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Category:    Home > Reviews > TV Situation Comedy > The Lucy Show – The Complete Sixth & Final Season (1967 – 1968/CBS DVD Set)

The Lucy Show – The Complete Sixth & Final Season (1967 – 1968/CBS DVD Set)


Picture:  C+     Sound: C+     Extras: A+     Episodes: B+



I have a vivid memory when my independent Boston television station announced the addition of The Lucy Show to their evening line up.  Cast photos were shown and the announcer said about the series, “not to be confused with I Love Lucy.”  There was no problem confusing one “Lucy” with the other.  The audience cared about the situations Lucy Ricardo became involved with.  Often a storyline on I Love Lucy flowed into another. When The Lucy Show moved Mrs. Carmichael to Los Angeles she was embroiled, for the most part, in self-contained comedic situations lacking in continuity.


For example, in the premiere episode on this DVD, Lucy Meets the Berles, Lucy greets the legendary comic as if it was their first meeting.  However the pair crossed paths before in episode# 96, Lucy Saves Milton Berle (1965).  Additionally, Lucy attended her college reunion in episode#41, Lucy’s College Reunion (1963) but in Lucy Gets Her Diploma, appearing on this DVD, she did not graduate from high school!


Some continuity is present when Vivian Vance returns in Lucy and Viv Reminisce and Lucy and The Lost Star, both presented on this set, but the ladies fail to acknowledge each other’s children.  However, these characters were major supporting players during the series first three seasons.  In the final episode of the series, Lucy and the Boss of the Year Award, Mrs. Carmichael salutes Mr. Mooney (Gale Gordon) and refers to working with him for six years.  Actually, up to this point, she had only been his secretary for two and a half years.  Continuity errors are common in long running series but Lucille Ball was a perfectionist.  It is surprising so many goofs and omissions occurred. Despite the continuity flaws the comedy by Lucille Ball, Gale Gordon, Mary Jane Croft‘s Mary Jane Lewis and Roy Roberts as Mr. Cheever was superb.


One episode on this DVD strays from the standard skitcom format.  It is more character driven and stands out: Lucy’s Mystery Guest.  Mary Wickes plays Lucy’s Aunt Agatha who takes control of her niece’s life until the reason she pays visits to her relatives is revealed.  It is a well-written and acted installment.


Fans of musical numbers will enjoy the episodes on this DVD which involve a revolving door of guest stars.  Ken Berry dances in Lucy Helps Ken Berry, Carol Burnett performs vibrant musical numbers in a two-part episode (Lucy and Carol Burnett & Lucy and Carol Get Their Wings), Frankie Avalon dreams of a show business career and belts out songs in Lucy, The Star maker and Joan Crawford joins Lucy, Viv and Mr. Mooney to stage a show in Lucy and The Lost Star.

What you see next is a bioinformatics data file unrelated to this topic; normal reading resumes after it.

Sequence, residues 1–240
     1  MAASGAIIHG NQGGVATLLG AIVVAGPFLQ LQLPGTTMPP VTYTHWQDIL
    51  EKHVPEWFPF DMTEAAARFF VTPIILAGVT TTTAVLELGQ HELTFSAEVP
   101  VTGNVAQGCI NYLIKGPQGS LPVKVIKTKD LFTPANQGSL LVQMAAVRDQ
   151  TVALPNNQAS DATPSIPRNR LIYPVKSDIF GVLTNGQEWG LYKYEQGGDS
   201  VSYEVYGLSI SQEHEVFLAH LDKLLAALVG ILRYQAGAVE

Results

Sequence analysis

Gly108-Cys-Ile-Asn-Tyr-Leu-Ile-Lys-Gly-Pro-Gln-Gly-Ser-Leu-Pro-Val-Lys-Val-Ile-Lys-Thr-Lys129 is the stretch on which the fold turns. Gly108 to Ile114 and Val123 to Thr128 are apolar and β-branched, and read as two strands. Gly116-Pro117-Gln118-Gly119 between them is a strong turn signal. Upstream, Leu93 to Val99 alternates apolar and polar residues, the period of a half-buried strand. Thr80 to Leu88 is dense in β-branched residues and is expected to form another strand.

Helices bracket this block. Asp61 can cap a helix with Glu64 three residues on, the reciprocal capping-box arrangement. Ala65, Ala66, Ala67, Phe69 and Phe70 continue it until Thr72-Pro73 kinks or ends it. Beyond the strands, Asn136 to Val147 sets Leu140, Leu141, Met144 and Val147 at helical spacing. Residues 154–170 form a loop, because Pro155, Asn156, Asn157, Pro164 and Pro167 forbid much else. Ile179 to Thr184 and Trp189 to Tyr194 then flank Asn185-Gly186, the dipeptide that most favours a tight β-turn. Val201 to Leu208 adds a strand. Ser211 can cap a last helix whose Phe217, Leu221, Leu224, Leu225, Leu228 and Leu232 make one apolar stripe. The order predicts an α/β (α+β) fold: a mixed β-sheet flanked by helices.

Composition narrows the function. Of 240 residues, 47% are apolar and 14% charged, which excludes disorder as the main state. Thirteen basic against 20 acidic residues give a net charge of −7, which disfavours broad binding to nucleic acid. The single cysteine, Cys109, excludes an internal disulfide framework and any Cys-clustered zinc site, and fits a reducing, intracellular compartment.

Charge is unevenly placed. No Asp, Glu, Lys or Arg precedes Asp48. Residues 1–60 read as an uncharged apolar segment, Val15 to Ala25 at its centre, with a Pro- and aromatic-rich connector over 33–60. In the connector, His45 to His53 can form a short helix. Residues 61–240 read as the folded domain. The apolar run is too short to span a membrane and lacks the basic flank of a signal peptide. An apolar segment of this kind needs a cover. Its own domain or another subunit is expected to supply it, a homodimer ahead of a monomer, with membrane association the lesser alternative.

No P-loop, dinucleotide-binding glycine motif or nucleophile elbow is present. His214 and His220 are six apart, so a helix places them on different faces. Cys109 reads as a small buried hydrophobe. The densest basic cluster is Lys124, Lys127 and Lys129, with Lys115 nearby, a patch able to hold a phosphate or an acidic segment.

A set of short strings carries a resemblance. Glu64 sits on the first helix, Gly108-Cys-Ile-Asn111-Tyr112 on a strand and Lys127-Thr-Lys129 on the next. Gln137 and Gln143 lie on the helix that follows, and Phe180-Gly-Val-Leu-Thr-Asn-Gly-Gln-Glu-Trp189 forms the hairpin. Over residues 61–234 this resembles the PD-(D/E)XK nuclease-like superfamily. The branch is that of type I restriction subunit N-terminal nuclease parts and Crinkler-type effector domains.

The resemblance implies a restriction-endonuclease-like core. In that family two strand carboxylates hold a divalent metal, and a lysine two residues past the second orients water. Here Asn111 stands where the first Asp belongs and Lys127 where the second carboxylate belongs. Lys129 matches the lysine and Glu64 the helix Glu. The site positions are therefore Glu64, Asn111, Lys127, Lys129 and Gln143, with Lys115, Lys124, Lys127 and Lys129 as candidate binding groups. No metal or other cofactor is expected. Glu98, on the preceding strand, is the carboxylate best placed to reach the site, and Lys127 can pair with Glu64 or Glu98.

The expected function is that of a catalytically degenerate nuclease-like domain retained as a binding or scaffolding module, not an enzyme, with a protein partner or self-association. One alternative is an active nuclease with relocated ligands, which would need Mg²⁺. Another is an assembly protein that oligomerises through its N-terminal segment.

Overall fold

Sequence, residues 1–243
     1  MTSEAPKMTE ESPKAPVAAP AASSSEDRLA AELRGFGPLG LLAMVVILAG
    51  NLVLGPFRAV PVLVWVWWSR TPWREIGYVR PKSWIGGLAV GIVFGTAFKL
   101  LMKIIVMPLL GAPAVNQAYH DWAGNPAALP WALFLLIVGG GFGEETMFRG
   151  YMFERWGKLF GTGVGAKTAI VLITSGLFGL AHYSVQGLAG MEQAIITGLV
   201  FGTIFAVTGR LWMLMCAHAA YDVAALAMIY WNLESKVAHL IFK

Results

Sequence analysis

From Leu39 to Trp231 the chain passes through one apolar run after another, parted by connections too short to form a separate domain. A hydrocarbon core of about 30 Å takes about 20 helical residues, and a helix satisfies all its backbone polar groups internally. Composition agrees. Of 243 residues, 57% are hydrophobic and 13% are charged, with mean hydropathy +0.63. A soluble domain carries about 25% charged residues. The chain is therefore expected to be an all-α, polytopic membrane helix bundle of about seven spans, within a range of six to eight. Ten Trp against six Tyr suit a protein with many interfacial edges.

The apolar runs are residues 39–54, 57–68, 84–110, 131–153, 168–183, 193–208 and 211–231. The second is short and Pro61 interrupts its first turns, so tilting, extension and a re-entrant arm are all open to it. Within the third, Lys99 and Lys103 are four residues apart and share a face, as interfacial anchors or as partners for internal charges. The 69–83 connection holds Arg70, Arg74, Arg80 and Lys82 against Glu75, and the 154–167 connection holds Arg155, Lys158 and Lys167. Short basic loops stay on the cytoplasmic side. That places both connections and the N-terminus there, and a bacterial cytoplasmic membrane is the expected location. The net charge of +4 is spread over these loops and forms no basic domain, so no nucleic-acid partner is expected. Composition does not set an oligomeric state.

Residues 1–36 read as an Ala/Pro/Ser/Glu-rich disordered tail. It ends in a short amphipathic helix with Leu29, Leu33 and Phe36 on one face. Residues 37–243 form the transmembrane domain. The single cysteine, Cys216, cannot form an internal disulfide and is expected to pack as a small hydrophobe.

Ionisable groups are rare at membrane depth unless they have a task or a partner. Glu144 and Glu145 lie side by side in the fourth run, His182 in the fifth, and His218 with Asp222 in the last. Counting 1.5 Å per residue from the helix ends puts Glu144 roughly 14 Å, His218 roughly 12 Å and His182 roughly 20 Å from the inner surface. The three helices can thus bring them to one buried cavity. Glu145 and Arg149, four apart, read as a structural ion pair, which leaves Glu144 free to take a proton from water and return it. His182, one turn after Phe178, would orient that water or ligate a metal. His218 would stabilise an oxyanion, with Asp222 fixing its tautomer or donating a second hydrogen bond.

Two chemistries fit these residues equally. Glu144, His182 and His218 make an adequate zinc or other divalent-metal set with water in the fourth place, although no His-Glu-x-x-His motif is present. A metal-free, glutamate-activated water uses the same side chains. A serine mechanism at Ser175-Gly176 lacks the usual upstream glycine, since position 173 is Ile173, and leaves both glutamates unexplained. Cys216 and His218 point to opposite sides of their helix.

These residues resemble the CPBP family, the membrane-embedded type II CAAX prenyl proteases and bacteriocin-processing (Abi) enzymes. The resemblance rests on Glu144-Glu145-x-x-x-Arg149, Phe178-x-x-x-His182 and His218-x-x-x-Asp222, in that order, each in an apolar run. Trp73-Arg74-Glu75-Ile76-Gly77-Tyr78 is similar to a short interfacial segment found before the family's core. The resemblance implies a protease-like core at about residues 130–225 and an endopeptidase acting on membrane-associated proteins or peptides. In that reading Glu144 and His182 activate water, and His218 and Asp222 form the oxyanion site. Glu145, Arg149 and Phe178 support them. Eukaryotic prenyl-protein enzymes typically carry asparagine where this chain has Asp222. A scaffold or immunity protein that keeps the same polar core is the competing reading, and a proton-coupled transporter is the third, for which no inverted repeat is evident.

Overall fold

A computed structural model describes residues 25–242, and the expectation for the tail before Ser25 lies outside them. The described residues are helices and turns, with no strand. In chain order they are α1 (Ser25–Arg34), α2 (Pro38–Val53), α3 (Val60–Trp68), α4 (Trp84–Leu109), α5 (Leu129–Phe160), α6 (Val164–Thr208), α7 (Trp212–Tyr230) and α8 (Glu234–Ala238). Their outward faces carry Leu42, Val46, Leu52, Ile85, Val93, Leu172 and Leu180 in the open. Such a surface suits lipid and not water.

The extras are outstanding and include informative cast biographies, production notes, unseen footage, rare bloopers, sketch designs for Lucy’s attire and photo galleries.


The Lucy Show finished the 1967-68 season at number 2 in the ratings.  Nevertheless, the series ended because it was produced by Desilu which was no longer owned by Lucille Ball.  The comedienne decided to end the series and begin a new program produced by her own company.  The new show would be known as Here’s Lucy although initial press reports indicated audiences would see another season of The Lucy Show.  The Evening News reported in their February 29, 1968 edition, “The trade reports quoted the star as saying she plans to get those two children back into the series-the boy and the girl who were shipped off to school several seasons back and never heard from again.  The locale was shifted from Connecticut to Hollywood. But when the children reappear they will be played the two Arnaz children.”


Though wonderfully performed The Lucy Show would have benefited if I Love Lucy writers, Bob Carroll Jr. and Madelyn Martin, had not departed after a falling out with Lucille Ball in 1964. Had they stayed, Lucille Carmichael might have become as beloved as another “Lucy” who was married to a Cuban bandleader.


The 1.33 X 1 color image as in all the previous color sets (starting with the Second Season) finally delivers great transfers from first-rate 35mm film materials lacking in the endless and endlessly bad public domain DVD (and VHS) releases of these shows.  These shows were meant to look great, top rate and as good as anything on TV at the time and here, they still do.  We are all glad CBS has gone out of their way to issue proper transfers of this and other classic series short-shrifted by those lame, secondary releases.  Lossy Dolby Digital 2.0 Mono accompanies all the episodes on the set and they are nice and clean, so the combination is as strong as we will ever see on DVD.


Now the whole series is on DVD in great condition and people can see it is a better series than it ever received credit for.  The Lucy Show is a TV classic and it is great to see it back in its full glory.



-   Fred Grandinetti


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